19. 75 FR 51097 - Lower Mississippi River Waterway Safety Advisory Committee; Meeting

    Federal Register 2010, 2011, 2012, 2013, 2014

    2010-08-18

    ... SECURITY Coast Guard Lower Mississippi River Waterway Safety Advisory Committee; Meeting AGENCY: Coast Guard, DHS. ACTION: Notice of meeting. SUMMARY: The Lower Mississippi River Waterway Safety Advisory... Mississippi River and related waterways. This meeting will be open to the public. DATES: The Committee...

  20. 77 FR 35906 - Safety Zone, Atlantic Intracoastal Waterway; Oak Island, NC

    Federal Register 2010, 2011, 2012, 2013, 2014

    2012-06-15

    ... SECURITY Coast Guard 33 CFR Part 165 RIN 1625-AA00 Safety Zone, Atlantic Intracoastal Waterway; Oak Island... to establish a temporary safety zone on the waters of the Atlantic Intracoastal Waterway at Oak... Bridge crossing the Atlantic Intracoastal Waterway, mile 311.8, at Oak Island, North Carolina....

  1. 77 FR 44466 - Safety Zone, Atlantic Intracoastal Waterway; Oak Island, NC

    Federal Register 2010, 2011, 2012, 2013, 2014

    2012-07-30

    ... SECURITY Coast Guard 33 CFR Part 165 RIN 1625-AA00 Safety Zone, Atlantic Intracoastal Waterway; Oak Island... temporary safety zone on the waters of the Atlantic Intracoastal Waterway at Oak Island, North Carolina. The... the NC 133 Fixed Bridge crossing the Atlantic Intracoastal Waterway, mile 311.8, at Oak Island,...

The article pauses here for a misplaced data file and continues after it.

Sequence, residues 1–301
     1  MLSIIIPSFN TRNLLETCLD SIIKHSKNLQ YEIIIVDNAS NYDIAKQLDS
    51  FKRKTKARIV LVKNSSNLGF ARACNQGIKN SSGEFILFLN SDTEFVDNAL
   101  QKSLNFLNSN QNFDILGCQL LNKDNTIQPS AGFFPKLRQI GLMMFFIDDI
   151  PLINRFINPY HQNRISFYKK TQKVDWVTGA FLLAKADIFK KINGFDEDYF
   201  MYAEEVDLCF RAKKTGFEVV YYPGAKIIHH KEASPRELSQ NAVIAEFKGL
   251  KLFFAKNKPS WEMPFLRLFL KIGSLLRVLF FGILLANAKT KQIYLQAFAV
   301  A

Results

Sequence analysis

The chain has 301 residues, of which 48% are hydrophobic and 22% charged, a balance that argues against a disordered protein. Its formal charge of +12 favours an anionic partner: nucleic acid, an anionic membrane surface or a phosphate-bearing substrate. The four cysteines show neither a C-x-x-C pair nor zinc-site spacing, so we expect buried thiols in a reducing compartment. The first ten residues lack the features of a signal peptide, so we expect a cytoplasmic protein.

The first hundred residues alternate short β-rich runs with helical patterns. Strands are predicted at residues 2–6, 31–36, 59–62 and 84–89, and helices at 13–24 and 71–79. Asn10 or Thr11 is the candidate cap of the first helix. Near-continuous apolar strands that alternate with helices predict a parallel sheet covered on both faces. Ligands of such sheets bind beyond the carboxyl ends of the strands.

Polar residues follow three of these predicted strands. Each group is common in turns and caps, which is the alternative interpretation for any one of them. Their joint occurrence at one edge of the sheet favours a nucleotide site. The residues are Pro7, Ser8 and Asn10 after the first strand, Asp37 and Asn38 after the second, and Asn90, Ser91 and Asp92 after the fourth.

2. 76 FR 13422 - Lower Mississippi River Waterway Safety Advisory Committee; Vacancies

    Federal Register 2010, 2011, 2012, 2013, 2014

    2011-03-11

    ... SECURITY Coast Guard Lower Mississippi River Waterway Safety Advisory Committee; Vacancies AGENCY: Coast... on the Lower Mississippi River Waterway Safety Advisory Committee. This Committee advises and makes... ports on the Lower Mississippi River and related waterways. DATES: Applicants should submit a...

  3. New Haven Promise: An Early Look at College Preparation, Access, and Enrollment of New Haven Public School Students (2010-2013). Brief

    ERIC Educational Resources Information Center

    Gonzalez, Gabriella C.; Bozick, Robert; Daugherty, Lindsay; Scherer, Ethan; Singh, Reema; Suárez, Mónica Jacobo; Ryan, Sarah; Schweig, Jonathan

    2013-01-01

    In New Haven, stakeholders looking to enhance the city's economic development, attract more residents, reduce crime and incarceration, and improve residents' quality of life embarked on a new scholarship program that seeks to build a college-going culture for local students and the community as an avenue to achieve these goals. Recognizing that…

  4. Wildfire, Land Management, and Aeolian Processes in Dryland Ecosystems - Lessons from the Milford Flat Fire

    NASA Astrophysics Data System (ADS)